Nepal marks 60 years since the first ascent of Everest, celebrating the pioneering climbers whose bravery spawned an industry that many mountaineers fear is now ruining the world’s highest peak.
Four days of ceremonies dubbed the “Everest Diamond Jubilee” concluded yesterday with family members of Edmund Hillary and Tenzing Norgay, the first summiteers, laying garlands on statues of the now legendary pair.
Hillary’s granddaughter and niece joined Italian climbing celebrity Reinhold Messner, Norgay’s grandson Tashi Tenzing and the last remaining member of the 1953 expedition, Kancha Sherpa, in a horse-drawn chariot procession through Kathmandu.
The British-funded trip to the highest point on Earth — 8,848m above sea level — changed mountaineering forever and turned New Zealander Hillary and Nepalese guide Norgay into household names in many parts of the world.
“Hillary and Tenzing were rock stars of the 1950s and into the 1960s,” Hillary’s son Peter said in an interview.
“The biggest thing about 1953 is that they were going into the unknown,” he said. “People didn’t know what was up there, they didn’t know whether or not you could remain conscious, they didn’t know whether they could climb that final summit knife-edged ridge and get up what is now called the Hillary Step.”
However, while the Nepalese government is keen to promote the anniversary — Everest is a key revenue-earner for the impoverished country — many in the climbing community reflected on the dangers of over-commercialization.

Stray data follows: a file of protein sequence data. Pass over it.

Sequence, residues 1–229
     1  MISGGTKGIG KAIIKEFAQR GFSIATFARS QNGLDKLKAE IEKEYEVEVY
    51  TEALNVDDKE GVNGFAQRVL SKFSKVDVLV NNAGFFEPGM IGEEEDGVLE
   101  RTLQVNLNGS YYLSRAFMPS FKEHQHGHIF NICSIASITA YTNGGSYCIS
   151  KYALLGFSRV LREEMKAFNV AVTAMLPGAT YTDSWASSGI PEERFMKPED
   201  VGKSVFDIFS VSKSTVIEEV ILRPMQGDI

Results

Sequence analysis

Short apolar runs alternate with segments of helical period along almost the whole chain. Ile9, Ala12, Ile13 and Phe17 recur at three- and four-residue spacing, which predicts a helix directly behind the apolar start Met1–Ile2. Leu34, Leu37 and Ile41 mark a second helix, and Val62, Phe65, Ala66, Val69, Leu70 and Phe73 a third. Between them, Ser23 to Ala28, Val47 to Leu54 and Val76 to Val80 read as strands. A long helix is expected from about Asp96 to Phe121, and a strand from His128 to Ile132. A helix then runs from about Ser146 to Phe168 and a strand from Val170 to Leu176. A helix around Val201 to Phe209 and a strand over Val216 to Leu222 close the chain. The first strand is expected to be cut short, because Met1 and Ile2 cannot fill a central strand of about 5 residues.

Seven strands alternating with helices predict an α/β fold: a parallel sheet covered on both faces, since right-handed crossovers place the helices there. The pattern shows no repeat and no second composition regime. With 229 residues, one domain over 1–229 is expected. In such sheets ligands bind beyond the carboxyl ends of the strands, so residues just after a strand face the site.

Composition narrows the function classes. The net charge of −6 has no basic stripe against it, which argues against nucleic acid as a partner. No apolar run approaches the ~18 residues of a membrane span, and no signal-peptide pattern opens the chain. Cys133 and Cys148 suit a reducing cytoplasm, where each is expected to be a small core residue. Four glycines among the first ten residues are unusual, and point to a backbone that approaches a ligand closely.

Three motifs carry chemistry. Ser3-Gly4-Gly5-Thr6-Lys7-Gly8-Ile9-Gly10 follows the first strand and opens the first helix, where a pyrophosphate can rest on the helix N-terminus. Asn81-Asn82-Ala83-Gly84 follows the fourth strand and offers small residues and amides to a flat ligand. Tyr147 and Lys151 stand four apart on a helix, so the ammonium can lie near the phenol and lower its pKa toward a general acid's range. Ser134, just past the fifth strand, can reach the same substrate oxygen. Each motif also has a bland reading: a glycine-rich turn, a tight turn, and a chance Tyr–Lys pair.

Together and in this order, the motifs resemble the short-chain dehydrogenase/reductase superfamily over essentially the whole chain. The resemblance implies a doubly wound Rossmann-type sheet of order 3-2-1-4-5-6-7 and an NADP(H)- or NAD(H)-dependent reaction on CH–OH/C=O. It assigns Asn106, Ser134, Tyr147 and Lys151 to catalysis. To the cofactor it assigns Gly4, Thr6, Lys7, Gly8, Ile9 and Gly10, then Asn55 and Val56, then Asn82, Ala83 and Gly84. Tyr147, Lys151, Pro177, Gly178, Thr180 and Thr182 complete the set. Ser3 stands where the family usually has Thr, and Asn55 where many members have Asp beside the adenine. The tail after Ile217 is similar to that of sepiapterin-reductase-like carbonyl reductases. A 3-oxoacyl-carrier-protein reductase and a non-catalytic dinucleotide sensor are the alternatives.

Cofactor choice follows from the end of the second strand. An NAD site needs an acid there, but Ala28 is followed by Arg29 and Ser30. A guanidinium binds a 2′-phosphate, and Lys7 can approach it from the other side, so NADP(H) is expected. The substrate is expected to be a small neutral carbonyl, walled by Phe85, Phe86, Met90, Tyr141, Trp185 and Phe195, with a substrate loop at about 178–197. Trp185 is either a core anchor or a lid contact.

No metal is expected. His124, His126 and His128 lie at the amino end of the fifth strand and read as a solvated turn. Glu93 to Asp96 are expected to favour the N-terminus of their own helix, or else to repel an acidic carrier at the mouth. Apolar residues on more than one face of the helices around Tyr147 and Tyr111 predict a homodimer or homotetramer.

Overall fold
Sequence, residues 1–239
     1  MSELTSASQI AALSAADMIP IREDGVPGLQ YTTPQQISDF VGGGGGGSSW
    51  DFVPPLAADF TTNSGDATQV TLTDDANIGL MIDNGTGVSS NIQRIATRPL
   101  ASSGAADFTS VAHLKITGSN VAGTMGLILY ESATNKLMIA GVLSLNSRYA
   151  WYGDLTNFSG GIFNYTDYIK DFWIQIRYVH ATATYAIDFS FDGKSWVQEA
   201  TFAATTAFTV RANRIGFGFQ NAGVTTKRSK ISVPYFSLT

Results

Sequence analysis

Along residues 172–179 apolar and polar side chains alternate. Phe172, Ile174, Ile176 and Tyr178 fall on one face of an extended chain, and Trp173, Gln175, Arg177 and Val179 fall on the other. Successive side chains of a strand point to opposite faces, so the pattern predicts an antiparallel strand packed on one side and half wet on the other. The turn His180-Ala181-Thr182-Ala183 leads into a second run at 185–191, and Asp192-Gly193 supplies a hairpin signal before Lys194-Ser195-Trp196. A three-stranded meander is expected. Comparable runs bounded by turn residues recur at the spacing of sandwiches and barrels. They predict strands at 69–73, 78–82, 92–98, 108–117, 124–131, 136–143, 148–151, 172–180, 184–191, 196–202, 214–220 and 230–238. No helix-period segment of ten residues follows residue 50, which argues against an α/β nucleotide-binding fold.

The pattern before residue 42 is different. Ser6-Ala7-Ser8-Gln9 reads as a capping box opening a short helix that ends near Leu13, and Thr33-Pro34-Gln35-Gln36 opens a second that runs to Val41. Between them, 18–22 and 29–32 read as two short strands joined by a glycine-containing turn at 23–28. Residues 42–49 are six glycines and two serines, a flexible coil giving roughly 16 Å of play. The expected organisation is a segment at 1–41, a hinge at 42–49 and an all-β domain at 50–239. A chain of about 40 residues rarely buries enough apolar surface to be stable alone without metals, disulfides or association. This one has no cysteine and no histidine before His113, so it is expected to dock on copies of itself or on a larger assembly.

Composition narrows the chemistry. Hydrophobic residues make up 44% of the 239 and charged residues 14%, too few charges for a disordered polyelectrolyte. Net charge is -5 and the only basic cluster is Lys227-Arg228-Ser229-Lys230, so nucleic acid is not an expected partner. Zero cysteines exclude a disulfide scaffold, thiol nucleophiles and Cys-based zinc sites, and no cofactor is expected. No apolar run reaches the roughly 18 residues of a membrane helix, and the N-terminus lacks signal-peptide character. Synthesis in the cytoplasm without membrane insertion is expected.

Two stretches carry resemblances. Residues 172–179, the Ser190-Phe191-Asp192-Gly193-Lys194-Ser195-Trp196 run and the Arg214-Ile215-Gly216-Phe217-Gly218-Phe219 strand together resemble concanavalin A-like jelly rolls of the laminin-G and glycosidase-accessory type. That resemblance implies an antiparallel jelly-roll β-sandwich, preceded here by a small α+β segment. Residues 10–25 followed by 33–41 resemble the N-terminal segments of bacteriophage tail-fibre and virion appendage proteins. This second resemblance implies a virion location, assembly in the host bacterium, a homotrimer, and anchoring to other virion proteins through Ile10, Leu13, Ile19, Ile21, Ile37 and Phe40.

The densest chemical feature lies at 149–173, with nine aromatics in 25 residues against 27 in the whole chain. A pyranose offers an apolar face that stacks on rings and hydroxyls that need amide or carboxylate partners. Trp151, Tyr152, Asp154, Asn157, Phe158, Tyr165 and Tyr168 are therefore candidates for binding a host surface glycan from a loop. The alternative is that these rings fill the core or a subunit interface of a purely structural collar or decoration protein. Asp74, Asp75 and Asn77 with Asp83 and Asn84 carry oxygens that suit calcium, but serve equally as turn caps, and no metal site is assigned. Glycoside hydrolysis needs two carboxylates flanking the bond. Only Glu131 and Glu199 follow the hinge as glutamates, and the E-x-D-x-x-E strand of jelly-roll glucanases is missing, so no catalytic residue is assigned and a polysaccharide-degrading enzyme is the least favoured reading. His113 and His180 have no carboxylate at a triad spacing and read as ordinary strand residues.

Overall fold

Recent photographs showing queues of climbers waiting their turn to reach the summit, as well as mounds of rubbish and even a brawl between climbers and porters this year, have highlighted problems on the “roof of the world.”
“Everest has turned into a playground for people with all sorts of interests,” veteran climber Temba Tsheri Sherpa, who runs an expedition company, said in an interview.
“All they want is to set new records and they seem to be willing to pay thousands of dollars in order to fulfill their dreams,” he added.
More than 3,500 people have so far reached the peak, according to government figures.
This season alone 540 people made it to the summit, including an octogenarian, the first female amputee, the first women from Saudi Arabia and Pakistan, and the first armless man.
Kancha Sherpa, now 81, worked as a porter on the maiden expedition, which he remembers as an arduous but ultimately joyous affair — although he regrets that the glory is not more equally shared among the team.
“Everyone knew Tenzing and Hillary climbed Everest, but nobody knows how hard we worked along the way,” Kancha said.
“One thousand two hundred coolies [porters] were gathered together at Bhaktapur near Kathmandu,” he said.
“Everyone walked from there because there weren’t any roads, no motor vehicles, no planes. It took us 16 days to reach Namche,” which is today the start of the Everest route, he added.
Kancha said that he and fellow porters cut down 20 trees and carried logs up the mountain which were used as makeshift ladders to pass the treacherous Khumbu Icefall, just above Everest base camp.
Hillary’s son Peter, and Norgay’s son Jamling, both mountaineers, were to join Queen Elizabeth II at a diamond jubilee event at the Royal Geographical Society in London yesterday.
In New Zealand, Auckland Museum staged an exhibition to mark the anniversary, featuring photos, medals and equipment used during the expedition and highlighting Hillary’s charity work in Nepal after the historic ascent.